Tuesday, August 5, 2014

A reflection back on WOC

 Although it was a couple weeks ago now that WOC ended I am only now getting around to filling out the notes I jotted down on some races and re-formatting them in to a (somewhat :P) legible format. For the sake of argument it could also be said that my delay in writing has given me new and thoughtful insights (or maybe that just sounds better than me being disorganized J
 This was the first WOC that I attended and was exciting and overwhelming all at once. It is pretty neat and motivating to be able to compete against such strong competition. Me competing this year was part of a much longer term goal and therefore was a way to get some great racing experience. I knew I was nowhere near the speed of most of the runners there and so just wanted to be able to run some races I would consider good for my self. Which is easier to say when you are booking your trip 6 months in advance then when you are in the WOC arena!
I was pretty nervous before this race, it was the first one of the week and my first one ever…Thankfully the qualifiers were in the morning and so we didn’t have to wait around all day. After breakfast we drove to our ‘quarantine boat’ which drove us to Burrano Island where the qualifier took place. It was pretty crazy being in the gym waiting for your start and because there were heats you started at the same time as two other people! For me, my goals were to try and run as clean as possible without miss punching or going to the controls in the wrong order (which sounds like a pretty dumb goal except when you see some sprint maps with lines going everywhere- it can get confusing when you are sprinting and your brain is low on oxygen!) and then of course run as fast as I can and have fun!
My qualifier map 

During the race I made a couple mistakes, missed a turnoff and run down an alley to far and also almost started running down the wrong side of a canal before I caught myself BUT overall I was happy with my run.  I was able to realize my mistakes when I was doing them and correct without losing huge amounts of time (I was a bit late on the alley one but… such is orienteering) So when I finished having run as hard as I could and saw my  printout had no miss punches on it I was almost giddy with relieve! I had finished my first WOC race and no blow ups! Then I got to enjoy the rest of the day in Venice watching the final.
The finish of the sprint final in Venice 
Sprint relay
This year’s WOC sprint relay was the first sprint relay that team Canada had participated in and I though it merited a quick word!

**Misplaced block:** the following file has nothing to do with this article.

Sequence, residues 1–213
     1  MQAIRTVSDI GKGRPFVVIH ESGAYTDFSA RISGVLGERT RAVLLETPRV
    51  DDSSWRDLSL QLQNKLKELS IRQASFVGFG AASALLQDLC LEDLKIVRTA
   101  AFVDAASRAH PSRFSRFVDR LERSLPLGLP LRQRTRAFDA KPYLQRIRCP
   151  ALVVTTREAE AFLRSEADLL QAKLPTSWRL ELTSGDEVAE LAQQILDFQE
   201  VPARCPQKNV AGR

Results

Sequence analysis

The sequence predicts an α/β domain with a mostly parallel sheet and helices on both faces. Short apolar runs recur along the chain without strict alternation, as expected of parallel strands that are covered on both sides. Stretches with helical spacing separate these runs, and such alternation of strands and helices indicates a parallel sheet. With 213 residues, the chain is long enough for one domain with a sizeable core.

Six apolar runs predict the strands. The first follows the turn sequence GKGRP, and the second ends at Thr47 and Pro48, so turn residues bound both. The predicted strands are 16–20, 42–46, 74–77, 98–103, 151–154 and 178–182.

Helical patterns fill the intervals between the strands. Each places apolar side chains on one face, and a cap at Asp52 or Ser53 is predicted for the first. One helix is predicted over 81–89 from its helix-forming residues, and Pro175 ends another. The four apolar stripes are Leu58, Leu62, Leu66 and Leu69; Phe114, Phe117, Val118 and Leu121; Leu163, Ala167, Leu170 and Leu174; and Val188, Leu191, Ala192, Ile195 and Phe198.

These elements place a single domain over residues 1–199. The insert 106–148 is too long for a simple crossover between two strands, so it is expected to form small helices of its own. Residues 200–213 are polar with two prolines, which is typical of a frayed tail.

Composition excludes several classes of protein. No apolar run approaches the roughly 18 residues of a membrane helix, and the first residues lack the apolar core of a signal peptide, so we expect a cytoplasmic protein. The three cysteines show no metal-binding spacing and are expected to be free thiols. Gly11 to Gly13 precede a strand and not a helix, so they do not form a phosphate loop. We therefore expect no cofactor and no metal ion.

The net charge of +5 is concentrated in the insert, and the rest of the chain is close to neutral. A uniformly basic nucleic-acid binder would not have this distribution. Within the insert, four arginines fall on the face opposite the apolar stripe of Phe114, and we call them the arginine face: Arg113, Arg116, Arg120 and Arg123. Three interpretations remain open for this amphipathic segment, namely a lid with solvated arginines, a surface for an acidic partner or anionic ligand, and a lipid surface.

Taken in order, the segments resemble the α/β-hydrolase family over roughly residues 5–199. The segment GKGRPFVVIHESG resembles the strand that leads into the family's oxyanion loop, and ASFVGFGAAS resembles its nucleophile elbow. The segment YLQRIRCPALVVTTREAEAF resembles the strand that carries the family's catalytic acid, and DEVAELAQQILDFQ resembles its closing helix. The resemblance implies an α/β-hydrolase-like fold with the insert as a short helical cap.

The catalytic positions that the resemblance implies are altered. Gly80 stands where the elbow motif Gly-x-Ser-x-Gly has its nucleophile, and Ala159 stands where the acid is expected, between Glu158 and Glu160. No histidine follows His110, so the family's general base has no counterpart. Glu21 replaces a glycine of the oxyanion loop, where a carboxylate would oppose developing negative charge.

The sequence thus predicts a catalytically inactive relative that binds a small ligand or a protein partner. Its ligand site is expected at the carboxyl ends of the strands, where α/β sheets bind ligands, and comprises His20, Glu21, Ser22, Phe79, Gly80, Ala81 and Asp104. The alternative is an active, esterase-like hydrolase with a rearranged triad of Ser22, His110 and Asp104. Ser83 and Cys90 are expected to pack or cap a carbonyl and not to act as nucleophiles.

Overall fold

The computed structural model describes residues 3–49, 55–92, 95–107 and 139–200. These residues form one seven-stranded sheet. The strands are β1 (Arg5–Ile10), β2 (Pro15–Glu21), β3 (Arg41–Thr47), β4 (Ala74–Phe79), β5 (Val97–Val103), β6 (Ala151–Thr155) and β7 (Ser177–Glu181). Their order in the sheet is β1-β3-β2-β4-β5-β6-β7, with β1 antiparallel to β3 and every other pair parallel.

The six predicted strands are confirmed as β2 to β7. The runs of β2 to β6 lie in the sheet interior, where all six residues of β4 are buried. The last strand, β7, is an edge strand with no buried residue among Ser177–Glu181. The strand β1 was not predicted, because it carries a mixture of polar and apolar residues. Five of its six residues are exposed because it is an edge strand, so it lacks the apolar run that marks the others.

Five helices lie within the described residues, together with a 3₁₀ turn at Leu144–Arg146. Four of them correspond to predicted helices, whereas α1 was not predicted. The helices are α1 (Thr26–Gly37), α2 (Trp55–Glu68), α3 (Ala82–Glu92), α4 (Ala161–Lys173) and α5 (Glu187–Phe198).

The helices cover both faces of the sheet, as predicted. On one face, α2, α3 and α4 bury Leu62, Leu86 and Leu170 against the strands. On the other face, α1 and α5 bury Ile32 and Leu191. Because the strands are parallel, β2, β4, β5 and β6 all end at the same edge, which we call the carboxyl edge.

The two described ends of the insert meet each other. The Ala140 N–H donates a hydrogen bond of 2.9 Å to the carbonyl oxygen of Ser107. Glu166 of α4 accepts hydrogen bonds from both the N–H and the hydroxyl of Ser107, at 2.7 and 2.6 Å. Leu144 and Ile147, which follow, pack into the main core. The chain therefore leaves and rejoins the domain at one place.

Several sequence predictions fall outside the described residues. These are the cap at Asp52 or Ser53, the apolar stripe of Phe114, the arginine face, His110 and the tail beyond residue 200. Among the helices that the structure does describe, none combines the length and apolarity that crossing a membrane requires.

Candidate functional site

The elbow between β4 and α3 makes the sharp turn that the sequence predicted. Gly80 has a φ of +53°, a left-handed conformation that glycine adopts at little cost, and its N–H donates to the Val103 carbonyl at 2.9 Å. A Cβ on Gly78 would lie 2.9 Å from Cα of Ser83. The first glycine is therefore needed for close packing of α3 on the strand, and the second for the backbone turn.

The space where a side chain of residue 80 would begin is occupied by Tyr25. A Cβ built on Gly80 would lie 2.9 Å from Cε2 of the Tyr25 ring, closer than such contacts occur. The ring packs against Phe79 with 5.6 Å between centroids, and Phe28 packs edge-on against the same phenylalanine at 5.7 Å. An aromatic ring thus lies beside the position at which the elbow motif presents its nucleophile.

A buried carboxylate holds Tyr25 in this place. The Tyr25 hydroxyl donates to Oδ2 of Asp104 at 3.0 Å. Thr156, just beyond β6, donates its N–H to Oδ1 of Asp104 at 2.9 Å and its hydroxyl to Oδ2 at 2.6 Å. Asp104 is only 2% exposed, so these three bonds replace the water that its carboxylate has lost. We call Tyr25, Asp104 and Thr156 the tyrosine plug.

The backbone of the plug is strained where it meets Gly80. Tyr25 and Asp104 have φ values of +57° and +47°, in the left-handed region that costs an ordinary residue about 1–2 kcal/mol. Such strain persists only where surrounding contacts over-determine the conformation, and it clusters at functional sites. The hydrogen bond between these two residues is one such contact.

The relay was in Trento, a small Italian town. As someone who is still getting used to a large amount of spectators at orienteering events it was a pretty cool experience. All off the athletes were in quarantine before the race started and then the organizers would let us know when it was time for our leg to move to the arena. BUT before that happened, we had to get suited up! I have never run with so many gadgets before.  First you put on your timing anklet, then your GPS unit and then because we were using the new ‘touch free’ SI air system and they wanted to make sure it worked correctly, they had us carry one on our fingers and one on our wrists. So in total we had two SI’s, a GPS, timing ankle and then the usual watch and compass….
So as the last leg runner I was in quarantine the longest and got to listen to the cheers of the crowd and not really know what was going on. When we got called forward it was the closest I have ever felt to being famous as when the last leg runners ran into the stadium there was so much cheering and people reaching out to touch their favorite runners!! It had started raining at the beginning of the race and by the time I was running it was sort of a torrential downpour… which made the cobblestone streets and granite walkways pretty slick! My body felt tired during the race and I just didn’t feel like I had enough gas to run fast, so wasn’t super pleased with my run but didn’t miss punch either! And it was fun to be in such a energized environment J

 The last WOC 2014 race was held in the same area as the middle. The arena was in a naturally created bowl which lead to great views. Although, this meant any time you ran out of there was uphill… some parts you could even see when still in quarantine. I was lucky enough to be on the women’s team. Emily was our first runner and she ran a great race, tagging off to Louise in 7th position. Louise ran an equally strong race and handed off to me in 11th position. It had been discussed and I knew that as the weakest runner on the team the best result would come from me running a clean, steady race. Still knowing and doing seem to be different things… Still not entirely sure what happened but I think the pressure just got to me and I make mistakes on almost all of the first half of the controls. I felt like I was moving too slowly in the terrain, when in fact most people walked up the super steep hills. Then end of the course I caught up to the last New Zealand runner and I knew she was making mistakes on the controls but felt the pressure to try and catch up (not helpful in orienteering…) this resulted in me making mistakes on the last controls from trying to run faster than my navigation… ah lesson learned… It was still a great experience to be on the relay team but wish I could go back and insert some calm into my race :P

The woman's relay team 
Overall a great learning experience and one I hopefully can carry with me in the long winter mounts when training motivation seems to run the lowest :P

I also wanted to say a huge thank you to all the Italian volunteers that put in countless hours to make WOC 2014 happen. It was a great week and your efforts are truly appreciated!

1 comment:

  1. Thanks for the post Tori! Interesting to read about all the gadgets in the sprint relay. Hope WUOC is great for you.